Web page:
This year marks the 100th anniversary of the deadliest event in U.S. history: the Spanish influenza epidemic of 1918, which killed more Americans than World Wars I and II combined. Although science and technology have advanced tremendously over the past century, the pandemic peril remains: a recent exercise at the Johns Hopkins Center for Health Security showed that an epidemic of an influenza-like virus could kill 15 million Americans in a single year.
The medical community’s response to this danger is, understandably, focused on research and response — discovering new vaccines, therapeutics, and diagnostics and fighting ongoing epidemics, such as the current Ebola outbreak in the Democratic Republic of Congo (DRC). But these urgent undertakings are not sufficient. If the world is to tackle many factors that raise our risk of a devastating pandemic, the medical community may have to enter theatres of operation beyond the laboratory bench and the treatment unit and publicly engage with controversial issues that some observers would consider nonmedical. Indeed, I believe that only such efforts can save us from the social trends, political movements, and policy failures that are elevating our risk of a pandemic.
Of course, the social trend that has most increased that risk is also the most beneficial: the vast increase in global connectedness attributable to improvements in transportation and infrastructure. Today, it would take less than 24 hours for a virus like the 1918 influenza to move from almost any point on the planet to Paris or Washington, Beijing or Riyadh. Yet the benefits of global connectedness are too important, and the transportation revolution would be impossible to reverse even if we wanted to.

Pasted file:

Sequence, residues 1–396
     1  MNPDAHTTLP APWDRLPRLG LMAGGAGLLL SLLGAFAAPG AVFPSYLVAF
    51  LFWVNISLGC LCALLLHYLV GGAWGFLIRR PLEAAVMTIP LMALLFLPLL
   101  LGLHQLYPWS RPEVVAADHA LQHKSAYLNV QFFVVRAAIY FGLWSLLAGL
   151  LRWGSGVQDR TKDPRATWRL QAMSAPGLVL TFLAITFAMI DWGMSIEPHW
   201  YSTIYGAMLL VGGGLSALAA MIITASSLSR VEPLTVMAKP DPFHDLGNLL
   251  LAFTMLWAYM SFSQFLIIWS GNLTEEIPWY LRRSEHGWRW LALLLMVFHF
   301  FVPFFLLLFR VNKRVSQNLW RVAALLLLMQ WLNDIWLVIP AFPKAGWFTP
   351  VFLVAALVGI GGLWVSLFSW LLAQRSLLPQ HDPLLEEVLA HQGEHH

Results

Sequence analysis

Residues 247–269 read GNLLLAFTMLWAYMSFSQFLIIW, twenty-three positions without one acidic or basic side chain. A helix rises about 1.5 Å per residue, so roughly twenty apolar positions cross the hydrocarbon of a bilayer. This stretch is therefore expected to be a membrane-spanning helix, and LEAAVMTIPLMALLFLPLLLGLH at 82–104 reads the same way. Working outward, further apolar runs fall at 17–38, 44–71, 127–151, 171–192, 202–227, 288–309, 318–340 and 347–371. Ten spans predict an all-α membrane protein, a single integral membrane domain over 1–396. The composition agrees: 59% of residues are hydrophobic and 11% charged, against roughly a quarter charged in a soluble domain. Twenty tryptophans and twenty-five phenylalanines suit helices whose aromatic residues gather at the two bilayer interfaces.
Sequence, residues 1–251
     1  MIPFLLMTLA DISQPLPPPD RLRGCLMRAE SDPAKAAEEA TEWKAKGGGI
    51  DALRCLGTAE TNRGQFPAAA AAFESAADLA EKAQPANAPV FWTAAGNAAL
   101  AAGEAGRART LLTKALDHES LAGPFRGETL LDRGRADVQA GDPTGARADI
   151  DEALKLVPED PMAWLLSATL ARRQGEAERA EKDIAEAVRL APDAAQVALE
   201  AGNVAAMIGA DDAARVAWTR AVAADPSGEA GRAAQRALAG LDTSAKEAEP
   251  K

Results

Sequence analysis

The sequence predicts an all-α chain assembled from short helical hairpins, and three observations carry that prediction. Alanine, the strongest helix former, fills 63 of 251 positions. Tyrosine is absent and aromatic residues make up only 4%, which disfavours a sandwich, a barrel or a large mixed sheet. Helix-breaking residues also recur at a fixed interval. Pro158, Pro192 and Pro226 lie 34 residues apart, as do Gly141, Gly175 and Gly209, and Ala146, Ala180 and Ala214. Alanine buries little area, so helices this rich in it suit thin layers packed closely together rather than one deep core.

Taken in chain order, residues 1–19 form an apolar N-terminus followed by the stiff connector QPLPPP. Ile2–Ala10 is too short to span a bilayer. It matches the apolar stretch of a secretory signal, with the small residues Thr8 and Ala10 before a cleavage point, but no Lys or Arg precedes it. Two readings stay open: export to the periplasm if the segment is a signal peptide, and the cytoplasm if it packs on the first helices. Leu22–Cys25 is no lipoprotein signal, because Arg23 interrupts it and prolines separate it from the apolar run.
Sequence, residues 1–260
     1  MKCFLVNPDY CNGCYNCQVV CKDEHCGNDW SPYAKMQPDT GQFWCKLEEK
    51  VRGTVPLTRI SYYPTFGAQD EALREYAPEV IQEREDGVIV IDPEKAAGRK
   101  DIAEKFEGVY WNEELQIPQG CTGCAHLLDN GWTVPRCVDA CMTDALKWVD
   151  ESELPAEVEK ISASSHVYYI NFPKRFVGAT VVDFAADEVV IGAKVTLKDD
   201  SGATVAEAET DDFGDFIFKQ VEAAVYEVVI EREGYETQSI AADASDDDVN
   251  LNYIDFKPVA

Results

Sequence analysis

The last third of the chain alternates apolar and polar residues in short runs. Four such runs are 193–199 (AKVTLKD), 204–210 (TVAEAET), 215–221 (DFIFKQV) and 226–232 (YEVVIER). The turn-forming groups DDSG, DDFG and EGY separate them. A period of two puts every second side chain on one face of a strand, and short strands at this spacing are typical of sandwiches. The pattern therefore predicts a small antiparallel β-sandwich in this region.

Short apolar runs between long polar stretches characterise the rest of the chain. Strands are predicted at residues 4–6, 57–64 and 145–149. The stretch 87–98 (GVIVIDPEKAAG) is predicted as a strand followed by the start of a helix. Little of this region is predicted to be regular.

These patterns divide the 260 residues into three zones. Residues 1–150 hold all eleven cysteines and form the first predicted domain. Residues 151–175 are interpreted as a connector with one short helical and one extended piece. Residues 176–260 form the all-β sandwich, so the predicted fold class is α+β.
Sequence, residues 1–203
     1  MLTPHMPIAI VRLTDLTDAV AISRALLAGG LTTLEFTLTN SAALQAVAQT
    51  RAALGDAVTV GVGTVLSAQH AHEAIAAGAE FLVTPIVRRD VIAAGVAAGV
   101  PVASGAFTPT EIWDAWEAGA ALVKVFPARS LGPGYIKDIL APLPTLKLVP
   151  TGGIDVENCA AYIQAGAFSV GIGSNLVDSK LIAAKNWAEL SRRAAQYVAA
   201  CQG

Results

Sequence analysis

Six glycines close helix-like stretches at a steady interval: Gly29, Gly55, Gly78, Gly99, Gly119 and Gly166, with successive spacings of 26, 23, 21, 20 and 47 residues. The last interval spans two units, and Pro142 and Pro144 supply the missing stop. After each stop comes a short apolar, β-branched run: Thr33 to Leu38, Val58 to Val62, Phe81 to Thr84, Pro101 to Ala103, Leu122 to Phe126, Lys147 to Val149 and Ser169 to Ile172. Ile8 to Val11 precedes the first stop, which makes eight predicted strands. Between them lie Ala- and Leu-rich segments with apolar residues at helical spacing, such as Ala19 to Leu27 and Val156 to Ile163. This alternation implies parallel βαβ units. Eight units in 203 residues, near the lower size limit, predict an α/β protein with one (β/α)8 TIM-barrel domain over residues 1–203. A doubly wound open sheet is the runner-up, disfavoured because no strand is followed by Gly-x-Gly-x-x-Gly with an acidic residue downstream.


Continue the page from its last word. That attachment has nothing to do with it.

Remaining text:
But what about less beneficial changes and trends that are making us less safe? There are three in particular in which the medical community’s intervention is sorely needed.
First is the rising tide of isolationism and xenophobia — a turn inward — in many high-income nations, particularly the United States and European countries. A nationalistic mindset — with leaders telling us that global engagement is not our responsibility and proposing the retrenchment of our commitment to global health security — makes all countries less safe with regard to pandemic prevention and response. The belief that isolating ourselves from the world can prevent the spread of diseases is foolhardy: we can build no wall high enough to keep out infectious diseases and disease-bearing vectors. Though the U.S. Congress has thus far rejected proposals to slash international programs at the National Institutes of Health and the Centers for Disease Control and Prevention (CDC) in order to fund a border wall,1 the pressure to do so continues.
We have already seen the consequences of such thinking. In 2016, xenophobic sentiments on Capitol Hill played a key role in delaying a U.S. response to Zika. Critics stalled the package, saying (in essence), “Zika is an immigrants’ disease; just keep the foreigners out.” Because of the funding delay, we saw local Zika transmission in Florida and the first-ever CDC advisory against travel to a part of the continental United States.
The second trend is the growing tide of antiscientific thinking and resistance to evidence-based medicine — often associated with surging populism and manifesting in the rise of the antivaccination movement. In low-income countries, skepticism about vaccines is a perennial challenge, but what we are seeing in the United States and Europe is something very different, and very dangerous. The growing refusal of parents in high-income countries (particularly the United States and Italy) to vaccinate their children2 is the tip of an iceberg that could sink us all in the event of an epidemic demanding rapid vaccine deployment and acceptance. It is a product of a political movement that includes left-wing populists who deem vaccines to be “unnatural” corporate products and right-wing populists who reject vaccination to spite the “elites” who promote it.